A BIT OF PIONEER HIST OR Y
Clark County , W isconsin T ranscribed by Lani Bartelt. J ud ge J am es O ’N ei l recently r eceived from Mrs. S. E. Hutchings now living in Los Angeles, an old copy of the The Republican and Press of Jan. 28,1904. The paper contains an account of the “old settlers” meeting held at the Opera House on Jan 21,1904. The news items in the old paper now reads like ancient history . Among the names mentioned are M.C. Ring, Harry Mead, Sam Hutchings, C. W. Dewey , J. W. McAdams, and others who have passed away or moved to other places; but the principal feature of that issue of the paper was a paper read by Judge O’Neill at the old settlers gathering, in which is recorded historic events of Clark County still more ancient Facts of the county’ s early settlement are recorded and interesting accounts of early sessions of court and the county board. The pape r read by Mr . O’Ne ill tel ls of the admission to t he bar of B.F . French, C.C. Pope, S. N. Dickinson, G. W. King and B.F . Chase. At another session of court Henry Counsell, Edward Huckstead, Chas. Hysl ip, Martin Moran, and Michael Farning were admitted to citizenship. The first circuit court jury in Clark County consisted of Orson Bacon, C. Hyslip, Levi Marsh, Wm Wheaton, Solomon Johnson, John Green, James Kirkland, Nicholas Snyder , Martin Moran, Thomas Reed, Hugh Davis, and Hiram Rennie. The first Fourth of July celebration was said to have been held in 1858, though Mrs. Levi Archer , who was present at the old settlers meeting stated that she at tended such a celebr ation in 1857 and Jud ge J. R. Sturdevant who is still living in Neil l sv ille, s tat ed t hat he re memb ere d th is celebration, and that Geor ge Frantz Sr . played the drum which consisted of a been keg with the ends knocked ou t and d eer s kin s tret ched o ver t he op ening s and the salute was fired by a local character known as “One Eyed” Riley , Mr . Sturdevant s tated that in tho se d ays settlement was made w ith the county treasurer by his showing a balance shee t on which was the amount claimed to have on hand and the committee took his word for it. The history of the county is sketched in this paper by Judge O’Neill down to date. Among the old settlers that he mentions few are left . One of events mentioned worth repeating is the fact that the pine tree growing in front of what is now Otto Neverman’ s home was planted in 1862 by a man named Bill Berry and was about two inches in diameter when planted. Its circumference at the date of the Old S ett lers party in 1904 was 5 feet 3 ½ inches. Its’ present diameter , March 9,1923 measured 6 feet 6 inches, measured a foot of f the ground. No doubt there are laid away in many homes a copy of this old paper of Jan uar y 28,1904, because it contains the record of the Old Settlers party and t he still older record read that night by Judge O’Neill. The record read by him that night from which has been quoted opens from which has been quoted, opens with a quotation from Prof. Adams, the historian: “The trash of today , becomes the treasure of tomorrow .” This is indeed often true.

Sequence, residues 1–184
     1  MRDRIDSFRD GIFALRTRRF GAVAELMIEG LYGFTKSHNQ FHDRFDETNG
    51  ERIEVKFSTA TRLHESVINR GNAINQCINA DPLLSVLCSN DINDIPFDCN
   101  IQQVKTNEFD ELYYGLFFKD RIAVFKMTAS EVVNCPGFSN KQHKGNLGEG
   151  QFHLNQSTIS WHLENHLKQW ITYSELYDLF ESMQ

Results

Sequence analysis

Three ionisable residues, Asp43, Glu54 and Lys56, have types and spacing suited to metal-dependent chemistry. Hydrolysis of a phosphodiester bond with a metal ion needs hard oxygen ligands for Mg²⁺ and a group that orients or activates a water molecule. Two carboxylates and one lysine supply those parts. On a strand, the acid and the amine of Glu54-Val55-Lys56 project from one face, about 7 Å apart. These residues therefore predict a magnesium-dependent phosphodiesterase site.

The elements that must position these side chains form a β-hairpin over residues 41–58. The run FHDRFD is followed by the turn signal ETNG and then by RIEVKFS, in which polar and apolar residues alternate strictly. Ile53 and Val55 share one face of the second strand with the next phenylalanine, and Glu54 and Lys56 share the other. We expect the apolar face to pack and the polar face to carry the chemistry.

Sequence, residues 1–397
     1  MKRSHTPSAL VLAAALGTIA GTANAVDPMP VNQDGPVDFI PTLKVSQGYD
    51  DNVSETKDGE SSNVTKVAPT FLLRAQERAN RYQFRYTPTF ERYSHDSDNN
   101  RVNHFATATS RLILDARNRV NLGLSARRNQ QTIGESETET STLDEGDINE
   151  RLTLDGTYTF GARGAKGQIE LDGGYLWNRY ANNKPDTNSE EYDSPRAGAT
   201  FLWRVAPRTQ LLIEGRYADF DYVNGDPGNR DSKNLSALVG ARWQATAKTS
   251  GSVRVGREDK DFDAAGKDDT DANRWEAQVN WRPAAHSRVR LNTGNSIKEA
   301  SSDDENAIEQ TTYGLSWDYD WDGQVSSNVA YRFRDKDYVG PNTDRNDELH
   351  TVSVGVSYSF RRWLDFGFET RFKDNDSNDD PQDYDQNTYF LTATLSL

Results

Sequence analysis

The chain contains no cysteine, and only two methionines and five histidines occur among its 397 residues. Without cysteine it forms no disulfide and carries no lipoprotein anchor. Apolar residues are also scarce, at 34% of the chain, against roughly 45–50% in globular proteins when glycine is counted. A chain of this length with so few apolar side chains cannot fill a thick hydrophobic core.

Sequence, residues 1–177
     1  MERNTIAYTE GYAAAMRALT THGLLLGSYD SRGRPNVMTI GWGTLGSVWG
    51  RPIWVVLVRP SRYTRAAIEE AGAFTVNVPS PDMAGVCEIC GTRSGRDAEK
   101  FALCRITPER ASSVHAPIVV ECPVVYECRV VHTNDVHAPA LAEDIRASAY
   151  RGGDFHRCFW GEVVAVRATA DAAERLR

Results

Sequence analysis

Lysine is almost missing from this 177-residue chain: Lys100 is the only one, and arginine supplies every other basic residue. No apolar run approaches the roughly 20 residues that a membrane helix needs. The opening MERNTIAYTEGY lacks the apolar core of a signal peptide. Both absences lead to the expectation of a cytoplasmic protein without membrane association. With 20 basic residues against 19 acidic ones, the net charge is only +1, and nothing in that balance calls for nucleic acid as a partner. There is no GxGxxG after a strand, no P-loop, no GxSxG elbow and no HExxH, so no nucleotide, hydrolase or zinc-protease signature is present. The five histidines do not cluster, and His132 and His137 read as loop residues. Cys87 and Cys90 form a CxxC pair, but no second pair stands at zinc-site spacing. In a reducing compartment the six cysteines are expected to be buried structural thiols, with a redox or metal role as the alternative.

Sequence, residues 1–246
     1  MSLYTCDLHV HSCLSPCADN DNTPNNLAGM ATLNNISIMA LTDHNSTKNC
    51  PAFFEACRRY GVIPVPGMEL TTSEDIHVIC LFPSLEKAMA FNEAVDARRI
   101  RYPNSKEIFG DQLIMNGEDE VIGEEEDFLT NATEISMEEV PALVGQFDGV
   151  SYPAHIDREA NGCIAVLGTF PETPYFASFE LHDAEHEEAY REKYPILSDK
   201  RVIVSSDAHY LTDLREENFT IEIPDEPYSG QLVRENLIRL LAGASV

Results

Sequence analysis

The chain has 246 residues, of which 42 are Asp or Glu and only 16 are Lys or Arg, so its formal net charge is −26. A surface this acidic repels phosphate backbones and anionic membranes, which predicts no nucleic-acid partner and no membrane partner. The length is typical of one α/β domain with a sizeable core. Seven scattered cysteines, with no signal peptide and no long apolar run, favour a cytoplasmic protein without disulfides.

Pioneer History , Clark County , W isconsin
4/19/201 1
http://wvls.lib.wi.us/ClarkCounty/pinevalley/history/PioneerHistory .htm